“But, Brother Soudo, you were as pro-life as any of us.” Paige looked as if she might faint. “Why are you doing this? What has it got to do with our cause?”

            “Our cause? I’m not quite the saint you paint me, my dear. It’s true I don’t believe in abortion. But I’m not the zealot your friends are. I was approached about this... investment some time ago, when I’d come into a bit of money. Then, when the good Doctor Sorkin began getting cold feet, I decided we could put the radicals, the website, to good use. Camouflage, as it were. Itinerant preachers don’t make enough money to afford cars and boats and jewelry, and ladies. Those are things I want. I deserve them. And I’m going to have them. Once you put your hand to the plow, daughter, you must never look back. And now, you are going to do us one last service.”

            “I refuse to be a part of this any more.”

            “I’m afraid you have no choice, Paige. Mrs. Stone, here, settled that issue for us.”

            “What do you mean?”

            Macie got up, stood beside Paige, and looked down at the leering minister. “He means, Paige, that we can identify them. They can’t let us go.”

            It’s unfortunate, Sister Paige, that Mrs. Stone got so brave on the telephone. Otherwise, she would still think this all was a plot by those nasty pro-life people to further their agenda. We would never have revealed ourselves to her and she would remain...dare I say the dark.”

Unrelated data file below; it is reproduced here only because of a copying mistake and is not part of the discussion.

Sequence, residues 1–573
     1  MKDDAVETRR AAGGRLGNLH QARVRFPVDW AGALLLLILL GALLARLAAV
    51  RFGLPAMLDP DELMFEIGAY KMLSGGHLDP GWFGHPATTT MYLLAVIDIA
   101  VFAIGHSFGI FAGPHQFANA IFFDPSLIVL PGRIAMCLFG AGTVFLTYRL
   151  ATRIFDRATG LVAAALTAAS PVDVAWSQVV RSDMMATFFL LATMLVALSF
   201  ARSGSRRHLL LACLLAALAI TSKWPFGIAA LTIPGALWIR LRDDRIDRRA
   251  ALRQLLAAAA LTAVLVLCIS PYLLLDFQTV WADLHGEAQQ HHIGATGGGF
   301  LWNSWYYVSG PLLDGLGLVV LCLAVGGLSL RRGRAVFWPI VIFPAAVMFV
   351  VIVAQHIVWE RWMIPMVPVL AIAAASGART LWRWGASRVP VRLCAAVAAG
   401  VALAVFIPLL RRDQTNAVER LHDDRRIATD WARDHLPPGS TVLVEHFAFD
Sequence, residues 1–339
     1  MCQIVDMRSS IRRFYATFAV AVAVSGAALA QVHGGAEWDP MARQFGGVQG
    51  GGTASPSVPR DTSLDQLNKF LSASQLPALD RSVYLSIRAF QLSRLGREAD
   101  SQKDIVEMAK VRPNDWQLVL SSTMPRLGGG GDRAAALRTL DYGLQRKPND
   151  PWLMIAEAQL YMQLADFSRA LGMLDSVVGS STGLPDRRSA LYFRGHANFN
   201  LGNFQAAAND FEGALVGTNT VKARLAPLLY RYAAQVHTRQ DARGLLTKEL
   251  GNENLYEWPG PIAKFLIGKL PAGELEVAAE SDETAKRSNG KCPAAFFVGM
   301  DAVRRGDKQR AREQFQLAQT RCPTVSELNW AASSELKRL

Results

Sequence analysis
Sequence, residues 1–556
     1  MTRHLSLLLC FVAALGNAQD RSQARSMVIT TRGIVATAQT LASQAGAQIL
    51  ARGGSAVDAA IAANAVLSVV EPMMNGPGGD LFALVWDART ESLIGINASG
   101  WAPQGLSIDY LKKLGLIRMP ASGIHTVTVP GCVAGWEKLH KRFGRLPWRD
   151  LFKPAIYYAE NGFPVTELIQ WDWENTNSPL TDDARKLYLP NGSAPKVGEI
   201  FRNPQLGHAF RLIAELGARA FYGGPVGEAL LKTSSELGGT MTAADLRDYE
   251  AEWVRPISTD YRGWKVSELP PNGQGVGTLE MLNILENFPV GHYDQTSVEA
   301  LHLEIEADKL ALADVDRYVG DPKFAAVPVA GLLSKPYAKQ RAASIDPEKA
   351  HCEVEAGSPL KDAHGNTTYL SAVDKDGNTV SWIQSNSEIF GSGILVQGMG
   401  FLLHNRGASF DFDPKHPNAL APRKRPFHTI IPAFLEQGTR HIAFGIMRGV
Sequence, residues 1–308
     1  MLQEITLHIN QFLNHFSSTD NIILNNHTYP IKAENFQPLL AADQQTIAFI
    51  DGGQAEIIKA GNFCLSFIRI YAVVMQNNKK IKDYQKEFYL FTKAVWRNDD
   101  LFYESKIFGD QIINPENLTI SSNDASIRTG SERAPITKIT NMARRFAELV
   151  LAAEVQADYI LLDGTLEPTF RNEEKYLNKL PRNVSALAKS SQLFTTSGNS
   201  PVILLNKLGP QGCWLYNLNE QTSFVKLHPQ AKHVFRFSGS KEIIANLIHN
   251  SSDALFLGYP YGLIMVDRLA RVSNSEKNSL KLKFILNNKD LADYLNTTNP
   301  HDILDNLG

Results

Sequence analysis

Leonard sat at the metal table and surveyed the dingy room.

             “So, Mrs. Stone. We weren’t generous in our housing arrangements. I suppose you were less than comfortable in these...shall

we say, Spartan surroundings?”

            Macie took a long, slow breath, concentrating on slowing her pulse. It’s okay, Weslie. Whatever this creep does, we’ll be all right. God knows where we are. He’ll let Daddy know. You’ll see.

            “What? No answer? Well, it really doesn’t matter. It seems we must find other accommodations for you and your friend, here.” Soudo nodded in Paige’s direction.

            Soudo stood, brushing off his coat tails. “Ah well. We must be going, ladies. We are constrained by time. Pre-service prayer, you know. The faithful are probably already gathering above our heads as we speak.”

            The preacher turned to his companions, talking softly. Macie strained to hear, catching only a few words: women , clinic, timer. As he stepped out of the room, Soudo turned back to the men.

            “That thou doest, do quickly.” Then he was gone.







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Anne Caryl
504 East Furry St.
Holyoke, Co. 80734